Child abuse can be found next door; even in military community

| April 16, 2010 | 1 Comment

Bill Mossman
News Editor

Life’s challenges, stress, pressure can cause ‘good’ parents to snap and start abusing, neglecting their children

SCHOFIELD BARRACKS — The face of a child abuser doesn’t usually come with the kind of distinguishable characteristics straight out of a horror flick — like a hook for a nose, talons for fingernails or shards of glass for teeth.

More often, the look of evil is imperceptible, lurking well beneath the epidermis of the perpetrator, belonging to the perfectly nice couple with the newborn child or the elderly folks next door who dote on their visiting grandchildren.

“I always say that good people are capable of abusing their children,” said Deidra Saina, a prevention specialist with Army Community Services’ Family Advocacy Program, here. “Many of us live with stresses, on top of stresses, on top of stresses, and we simply don’t know how to deal with these pressures.”

Courtesy ImageFor military families stationed in Hawaii, the challenges they face are not only daunting, but of a different beast as well. 

Many feel isolated from extended family members on the mainland, burdened by the high cost of living in the islands, and worried about multiple deployments to far-off lands.

And when these pressures reach the boiling point for Soldiers and/or their spouses, the resulting explosion can be absolutely frightening and damaging to their young ones.

“We definitely have some really unique stressors in Hawaii,” Saina said.

To assist these families in dealing with these pressures, the Army is offering a number of parenting classes and promotional activities as part of Child Abuse Prevention Month.

Since 1983, April has been the designated month to increase awareness regarding the importance of preventing child abuse and neglect. 

Around the world, in fact, some 3 million cases of child abuse are reported each year. With those numbers in mind, the Army is hoping to remind parents of the important role that children play within the armed forces community, while encouraging parents to become better educated on ways to ensure that their families remain safe and Army strong.

“Our classes are built specifically to help our families cope with all types of stresses,” said Saina, who just wrapped up a week’s worth of activities, including a shaken-baby syndrome quilt display at Tripler Army Medical Center, and a food drive at Fort Shafter.

“Because we’re a whenever-and-wherever-you-want-it organization, we typically fill (clients’) needs as they come up,” said Saina, adding that this year’s theme is “Children are our Future: Let’s Keep our Future Safe by Protecting the Child.”

Saina made note of several courses that will be offered, particularly the “Happy Parent” classes, scheduled for April 20 and 27, here, and April 22, at Aliamanu Military Reservation; and “Boot Camp for New Dads,” offered April 26, at the Child Development Center, Helemano Military Reservation.

Saina referred to the Happy Parent classes as a means toward positive psychology, where holistic, stress-reduction practices are implemented for parents and caregivers.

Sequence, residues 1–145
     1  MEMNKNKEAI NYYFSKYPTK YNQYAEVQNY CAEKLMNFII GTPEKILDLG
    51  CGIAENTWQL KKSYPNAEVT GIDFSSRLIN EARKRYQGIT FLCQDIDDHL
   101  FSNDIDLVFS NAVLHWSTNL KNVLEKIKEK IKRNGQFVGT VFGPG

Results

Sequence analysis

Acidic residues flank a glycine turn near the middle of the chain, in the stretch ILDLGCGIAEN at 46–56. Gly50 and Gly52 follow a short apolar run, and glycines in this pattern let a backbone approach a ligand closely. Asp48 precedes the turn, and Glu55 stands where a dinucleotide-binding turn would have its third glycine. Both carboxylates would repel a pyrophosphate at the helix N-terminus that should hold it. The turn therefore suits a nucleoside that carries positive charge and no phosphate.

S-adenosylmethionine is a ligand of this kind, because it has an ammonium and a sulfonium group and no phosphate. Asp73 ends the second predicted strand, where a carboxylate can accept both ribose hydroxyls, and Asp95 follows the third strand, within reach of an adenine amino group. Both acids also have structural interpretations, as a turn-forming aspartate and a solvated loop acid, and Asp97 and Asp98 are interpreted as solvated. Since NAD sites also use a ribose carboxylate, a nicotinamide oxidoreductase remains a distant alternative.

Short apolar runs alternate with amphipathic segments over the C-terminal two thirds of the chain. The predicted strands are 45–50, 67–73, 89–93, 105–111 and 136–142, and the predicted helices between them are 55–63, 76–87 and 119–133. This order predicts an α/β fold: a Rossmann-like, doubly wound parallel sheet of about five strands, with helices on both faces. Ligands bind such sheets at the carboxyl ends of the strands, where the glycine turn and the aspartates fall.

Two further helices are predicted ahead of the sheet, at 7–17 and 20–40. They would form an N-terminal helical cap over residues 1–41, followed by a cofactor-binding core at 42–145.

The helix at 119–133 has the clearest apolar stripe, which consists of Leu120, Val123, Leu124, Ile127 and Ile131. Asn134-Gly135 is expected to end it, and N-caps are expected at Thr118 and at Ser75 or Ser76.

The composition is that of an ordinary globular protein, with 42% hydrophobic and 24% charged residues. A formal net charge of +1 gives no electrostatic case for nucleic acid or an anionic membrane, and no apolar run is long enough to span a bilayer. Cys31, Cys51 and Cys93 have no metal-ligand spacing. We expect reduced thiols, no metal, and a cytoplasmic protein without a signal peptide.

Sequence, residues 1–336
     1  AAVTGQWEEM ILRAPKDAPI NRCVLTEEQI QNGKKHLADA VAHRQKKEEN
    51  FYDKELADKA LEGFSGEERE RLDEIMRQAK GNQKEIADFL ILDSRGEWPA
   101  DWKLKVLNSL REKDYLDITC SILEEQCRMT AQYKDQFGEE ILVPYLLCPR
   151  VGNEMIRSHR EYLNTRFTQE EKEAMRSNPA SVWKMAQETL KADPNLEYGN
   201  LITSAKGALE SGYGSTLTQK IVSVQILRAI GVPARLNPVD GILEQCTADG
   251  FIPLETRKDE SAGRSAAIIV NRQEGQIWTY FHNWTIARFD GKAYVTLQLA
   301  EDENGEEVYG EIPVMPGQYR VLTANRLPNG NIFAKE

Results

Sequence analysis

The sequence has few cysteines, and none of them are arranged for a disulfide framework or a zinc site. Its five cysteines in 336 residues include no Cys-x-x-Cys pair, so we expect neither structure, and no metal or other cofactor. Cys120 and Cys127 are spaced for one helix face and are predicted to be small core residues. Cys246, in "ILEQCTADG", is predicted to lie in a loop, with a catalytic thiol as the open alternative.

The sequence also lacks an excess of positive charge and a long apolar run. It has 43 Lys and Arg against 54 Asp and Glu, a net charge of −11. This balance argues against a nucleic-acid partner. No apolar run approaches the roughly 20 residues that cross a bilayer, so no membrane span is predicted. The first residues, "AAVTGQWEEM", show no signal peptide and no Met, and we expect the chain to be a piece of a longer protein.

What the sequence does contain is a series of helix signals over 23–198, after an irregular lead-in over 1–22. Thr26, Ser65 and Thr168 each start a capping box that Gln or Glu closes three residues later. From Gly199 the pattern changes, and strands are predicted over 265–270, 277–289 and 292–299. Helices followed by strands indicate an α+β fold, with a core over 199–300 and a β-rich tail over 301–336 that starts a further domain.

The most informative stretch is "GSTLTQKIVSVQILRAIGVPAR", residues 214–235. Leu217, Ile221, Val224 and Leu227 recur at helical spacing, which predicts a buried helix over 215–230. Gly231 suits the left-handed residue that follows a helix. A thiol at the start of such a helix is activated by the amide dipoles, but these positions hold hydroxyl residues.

“We focus on taking care of these people, through relaxation techniques and development of time-management skills,” she explained.

“And while it’s a series,” Saina added, “people can pick and choose which classes they want to attend over a four-week period.”

Meanwhile, she said, Boot Camp for New Dads will be offered to all first-time fathers with children between the ages of six weeks and eight months.

“We thought this would be a great way to talk to these dads about ways to bond with their babies, answer any questions they may have, and do all of this over lunch,” Saina said.

For more information on Child Abuse Prevention Month, call Army Community Services, Schofield Barracks, at 655-4227. 

Visit the Family and Morale, Welfare and Recreation Web site at www.mwrarmyhawaii.com and click on the ACS link.

 

Coming Events

April 16 

Shaken Baby Quilt Display, 9:30 a.m.-2 p.m., Army Community Service, Schofield Barracks

Information Booth, 11 a.m.-12 p.m., Child Development Center, Helemano Military Reservation

April 20

Happy Parent: Stress Reduction for Parents/Caregivers, 11:30 a.m.-12:30 p.m., ACS, Schofield  Barracks

Sexting, Cyber Bullying and Internet Safety: What Every Parent Should Know, 6-7:30 p.m., Sgt. Smith Theater, Schofield Barracks

April 21

Lunch and Learn Parenting 

Series: Parenting Your 1- to 4-Year-Old, 11 a.m.-12:30 p.m., ACS, Schofield Barracks

April 22

Display and Information Booth, 10:30 a.m.-2 p.m., Post Exchange, Schofield Barracks

Happy Parent: Stress Reduction for Parents/Caregivers, 11:30 a.m.-12:30 p.m., CDC, Aliamanu Military Reservation

Sexting, Cyber Bullying and Internet Safety: What Every Parent Should Know, 6-7:30 p.m., Kyser Auditorium, Tripler Army Medical Center

April 23

Home Alone Awareness Class, 9 a.m.-2 p.m., Schofield Main Chapel

Info Booth/Strawberry Shortcake Munch & Learn, 2:30-3:30 p.m., CDC, Schofield Barracks

April 27

PT in the Park, 4:30-7:30 a.m., Fort Shafter Gymnasium

Happy Parent: Stress Reduction for Parents/Caregivers, 11:30 a.m.-12:30 p.m., ACS, Schofield Barracks

April 28

Lunch and Learn Parenting Series: Parenting Your 1- to 4-Year-Old, 11 a.m.-12:30 p.m., ACS, Schofield Barracks

April 29

Happy Parent: Stress Reduction for Parents/Caregivers, 11:30 a.m.-12:30 p.m., CDC, AMR

April 30

Display/Info Booth, 10:30 a.m.-2 p.m., Main PX, Schofield Barracks

Category: Community

Comments (1)

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  1. glass baby bottles says:

    The way adults are abusing children is really a big problem.

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